When Maggie waltzed in here this afternoon, alone this time, my heart skipped a beat, like I was in love or something. I was happy to see her, happy that she hadn't turned her back, and happy that maybe we'd get a second chance at this whole sister thing. Then she tossed the envelope at me. She didn't even hand it to me. She tossed it.

            "What's this?" I said as I held it in my hands.

"The DNA results. Proof positive."

I looked up, confused. "Whose DNA results?"

She arched her left eyebrow, her eyes wide. "Um, mine and Kate's."

It took me a second to register who Kate was. Kate. Kate. My mother! "What? But how did you get—"

"You didn't think I was going to let everything drop, did you?"

"But a DNA test?" I tore open the envelope and pulled out the papers, but the text and numbers blurred together. "I didn't give you permission to do this. To invade my mother's privacy."

"Our mother," she said. "Or so it would seem."

I threw everything on my desk. "You don't care about our mother. You only care about getting the story."

"I care about the facts. I care about the truth."

"Oh, right. I'm sure ratings don't play into that at all."

"The truth brings ratings, yes. As it should."

"And you'll simply walk over anyone in your way in order to get the truth, is that right? Even if it's family you're walking over?"

She rolled her eyes, but her voice remained even and calm. "I wasn't going to let your so-called concern get in the way of my finding out the truth, no."

"My so-called concern? You think I'm faking concern for my mother?"

"Our mother," she said. "And yes. Considering you've locked her away in this place, I'd say your sudden distress over her wellbeing and privacy came across as disingenuous at best."

I gripped the sides of my chair. "You don't know what you're talking about. You don't know anything about me. Or her."

"Oh, that's right," she'd said and her eyes narrowed. "How could I? She's your mother, isn't she?"

EXCERPT 2

When Maggie showed me her birth certificate and claimed my mother was also her mother, I didn't know what to think. I mean, my mom had never once hinted about some illegitimate child from her past. But then I remembered another big secret she kept from me: my father's death when I was five wasn’t an accident—it was suicide.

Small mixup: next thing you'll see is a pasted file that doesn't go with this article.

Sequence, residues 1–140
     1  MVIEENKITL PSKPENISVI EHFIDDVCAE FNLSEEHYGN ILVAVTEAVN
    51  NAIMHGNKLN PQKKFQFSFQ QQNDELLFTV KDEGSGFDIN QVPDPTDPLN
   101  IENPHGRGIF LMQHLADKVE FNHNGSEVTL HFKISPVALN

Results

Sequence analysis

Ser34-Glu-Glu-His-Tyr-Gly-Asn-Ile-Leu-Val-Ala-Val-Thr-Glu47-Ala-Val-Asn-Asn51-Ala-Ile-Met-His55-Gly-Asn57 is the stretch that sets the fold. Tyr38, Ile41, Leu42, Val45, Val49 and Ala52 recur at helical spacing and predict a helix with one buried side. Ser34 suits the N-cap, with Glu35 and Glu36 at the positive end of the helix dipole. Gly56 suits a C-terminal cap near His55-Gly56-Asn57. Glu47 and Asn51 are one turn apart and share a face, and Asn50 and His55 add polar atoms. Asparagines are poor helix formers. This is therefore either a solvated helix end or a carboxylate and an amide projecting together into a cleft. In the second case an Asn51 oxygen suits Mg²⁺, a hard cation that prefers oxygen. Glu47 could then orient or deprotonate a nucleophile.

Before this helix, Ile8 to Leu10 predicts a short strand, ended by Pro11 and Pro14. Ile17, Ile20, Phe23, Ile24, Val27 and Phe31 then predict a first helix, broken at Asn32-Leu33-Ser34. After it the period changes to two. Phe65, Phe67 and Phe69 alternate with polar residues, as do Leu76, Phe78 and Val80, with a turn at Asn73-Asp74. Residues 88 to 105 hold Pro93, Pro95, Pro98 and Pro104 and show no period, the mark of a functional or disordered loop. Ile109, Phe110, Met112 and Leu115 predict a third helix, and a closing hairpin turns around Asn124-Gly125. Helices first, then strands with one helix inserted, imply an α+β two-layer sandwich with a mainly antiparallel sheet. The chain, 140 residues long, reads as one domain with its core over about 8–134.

A sister? I had a sister?

I looked from the birth certificate to Maggie herself: her staggering height (close to six feet?); her glossy auburn hair (a prettier shade than mine); and her model-like face—familiar since I'd seen it on TV, but also in a way that I couldn't explain. In that instant, I knew. I didn't need evidence like a birth certificate (Maggie had been born here, in the same town as me) or my mother's confession (impossible to get anyway, thank you very much, Alzheimer's disease). I knew in my gut that Maggie and I were connected, that we'd both formed in the same womb, that we shared a partial bloodline.

If she'd only given me one goddamn moment to collect my thoughts, things might have turned out differently. I mean, how long has she been doing this investigative reporting thing on television? Twenty years? Thirty? Long enough to know that when you turn someone’s life upside down with a single piece of paper, you should give the person time to process.

But, no. She had to go and make demands. She wanted to see our mother. She wanted to set up a DNA test. She wanted to film everything for her TV show, starting right then and there.

I'll admit it doesn't take much to get my Irish up, but c'mon. This was more than any old news story. We were more than any old news story. Weren't we? Why would she want to exploit us? Why wouldn't she want to deal with everything in private, like a normal, rational human being? That was my first clue that Maggie Prescott was in it for herself, and only herself, and she didn't give a rat's ass about Mom, or me, or the fact we were, well, family. The only functioning family I had left.

Purchase Links:




Ipad, Iphone, Ipod Touch - http://itunes.apple.com/us/book/forgotten-april/id431887718?mt=11



Robyn Bradley is a Short Story Seductress and Novelist Ninja with an MFA in Creative Writing from Lesley University. Her work has appeared in FictionWeekly.com, Metal Scratches, The Breakwater Review, Writer's Digest, and The MetroWest Daily News, among other places.

In 2007, she won a short story award for “A Touch of Charlotte.” Forgotten April is her first novel. When she's not writing or sleeping, Robyn enjoys watching Law & Order marathons, drinking margaritas, and determining how many degrees really separate her from George Clooney.
(Knowing how much Robyn likes said George, I took a liberty and 'borrowed' his picture from her blog to delight her readers.)